Markets had already started a recovery, after a rocky start to the year. The turnaround can be dated to the weeks between the Bank of Japan’s adoption of negative interest rates on 29 January and the ECB’s announcement of additional expansion on 10 March. In July and August, as Brexit receded in the financial markets’ rear-view mirror, exuberance resumed in full force. By mid-July, despite flagging earnings, stock markets in the US had broken through all-time highs (Graph 5, left-hand and centre panels). Following a slump in the second quarter, equity prices in EMEs also bounced back and returned to levels last seen a year earlier. European and Japanese valuations were more tentative, as they wrestled with their own idiosyncratic uncertainties.
Implied volatilities trended down towards, or below, post-crisis averages (Graph 5, right-hand panel). Stock market volatility quickly approached the lows last seen in July 2014. Volatilities in other markets were less subdued, fluctuating around their recent averages and still far from 2014 depths. Brexit briefly boosted volatilities, but its impact was as transient as on prices. High valuations across most asset classes may have helped keep volatilities low.7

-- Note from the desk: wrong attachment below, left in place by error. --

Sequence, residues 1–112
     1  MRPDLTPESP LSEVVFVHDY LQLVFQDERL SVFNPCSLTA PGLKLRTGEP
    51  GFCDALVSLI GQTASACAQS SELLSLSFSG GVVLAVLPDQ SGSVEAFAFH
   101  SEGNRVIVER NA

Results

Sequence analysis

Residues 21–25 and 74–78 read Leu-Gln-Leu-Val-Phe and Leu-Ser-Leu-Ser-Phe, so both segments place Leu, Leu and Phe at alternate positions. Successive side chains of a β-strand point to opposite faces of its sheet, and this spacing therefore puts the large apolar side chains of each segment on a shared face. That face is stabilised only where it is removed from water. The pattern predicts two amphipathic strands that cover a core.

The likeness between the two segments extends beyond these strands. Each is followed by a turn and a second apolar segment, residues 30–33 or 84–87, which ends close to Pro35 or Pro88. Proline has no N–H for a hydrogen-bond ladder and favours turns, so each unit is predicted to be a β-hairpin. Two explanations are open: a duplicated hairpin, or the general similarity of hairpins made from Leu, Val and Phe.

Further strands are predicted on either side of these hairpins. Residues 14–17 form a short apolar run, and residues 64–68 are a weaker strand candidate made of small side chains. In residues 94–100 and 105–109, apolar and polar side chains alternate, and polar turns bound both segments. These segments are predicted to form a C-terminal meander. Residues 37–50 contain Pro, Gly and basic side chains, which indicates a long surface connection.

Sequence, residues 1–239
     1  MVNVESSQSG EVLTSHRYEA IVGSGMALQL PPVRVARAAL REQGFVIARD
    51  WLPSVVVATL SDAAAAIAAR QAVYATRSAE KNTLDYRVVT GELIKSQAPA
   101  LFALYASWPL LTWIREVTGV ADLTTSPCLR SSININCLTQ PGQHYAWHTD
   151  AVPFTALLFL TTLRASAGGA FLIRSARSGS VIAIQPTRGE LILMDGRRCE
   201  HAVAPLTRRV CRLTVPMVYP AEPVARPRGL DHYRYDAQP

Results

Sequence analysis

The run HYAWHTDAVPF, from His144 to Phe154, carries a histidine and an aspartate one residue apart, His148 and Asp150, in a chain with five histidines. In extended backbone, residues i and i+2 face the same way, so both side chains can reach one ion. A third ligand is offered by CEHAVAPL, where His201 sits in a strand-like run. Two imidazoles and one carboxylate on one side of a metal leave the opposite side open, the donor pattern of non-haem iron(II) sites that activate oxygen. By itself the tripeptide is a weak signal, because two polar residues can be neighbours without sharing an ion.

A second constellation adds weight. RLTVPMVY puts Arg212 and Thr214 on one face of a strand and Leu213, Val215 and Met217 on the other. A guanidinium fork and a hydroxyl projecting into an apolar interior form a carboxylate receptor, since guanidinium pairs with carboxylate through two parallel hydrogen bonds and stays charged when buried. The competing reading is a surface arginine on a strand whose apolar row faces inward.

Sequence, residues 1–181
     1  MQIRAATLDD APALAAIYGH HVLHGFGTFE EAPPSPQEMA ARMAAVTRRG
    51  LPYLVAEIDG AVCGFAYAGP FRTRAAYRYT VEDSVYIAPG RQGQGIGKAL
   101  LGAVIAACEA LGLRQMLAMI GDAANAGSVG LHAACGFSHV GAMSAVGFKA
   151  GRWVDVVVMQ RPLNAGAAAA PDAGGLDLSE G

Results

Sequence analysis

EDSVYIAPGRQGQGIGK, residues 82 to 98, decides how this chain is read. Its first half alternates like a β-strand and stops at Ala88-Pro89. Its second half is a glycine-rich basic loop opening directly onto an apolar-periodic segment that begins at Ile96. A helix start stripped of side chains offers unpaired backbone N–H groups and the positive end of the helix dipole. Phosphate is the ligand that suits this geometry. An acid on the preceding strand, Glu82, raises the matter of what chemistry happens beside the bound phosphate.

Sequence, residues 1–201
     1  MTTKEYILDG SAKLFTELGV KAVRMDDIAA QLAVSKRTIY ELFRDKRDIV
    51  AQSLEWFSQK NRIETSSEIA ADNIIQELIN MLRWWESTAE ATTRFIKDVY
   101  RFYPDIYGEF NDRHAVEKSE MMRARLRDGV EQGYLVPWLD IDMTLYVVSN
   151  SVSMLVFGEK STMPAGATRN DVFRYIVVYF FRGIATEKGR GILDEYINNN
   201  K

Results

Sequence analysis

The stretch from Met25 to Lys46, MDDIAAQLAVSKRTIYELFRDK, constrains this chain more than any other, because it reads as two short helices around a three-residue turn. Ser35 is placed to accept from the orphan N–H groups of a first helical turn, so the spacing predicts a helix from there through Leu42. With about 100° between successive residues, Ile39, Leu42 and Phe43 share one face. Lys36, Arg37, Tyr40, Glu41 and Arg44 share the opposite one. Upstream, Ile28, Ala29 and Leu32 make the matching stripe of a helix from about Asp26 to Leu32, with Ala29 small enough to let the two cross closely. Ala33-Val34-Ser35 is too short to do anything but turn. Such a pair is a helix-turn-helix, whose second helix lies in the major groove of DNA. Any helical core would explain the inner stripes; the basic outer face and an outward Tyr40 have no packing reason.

A traditional search for yield seemed to be driving developments in EME fixed income markets, supported by signs of an improving macroeconomic outlook. As commodity prices recovered from their early 2016 lows (Graph 6, left-hand panel), strong capital inflows to EMEs resumed (centre panel). While commodity prices were still far from the high levels observed before mid-2014, the mild recovery helped to assuage concerns about the growth prospects for several large EMEs, especially in Latin America. More generally, there was an increasing perception that growth rates in EMEs had bottomed out. Sovereign and CDS spreads narrowed by 45 basis points after 23 June, and more than 150 basis points since late January (right-hand panel).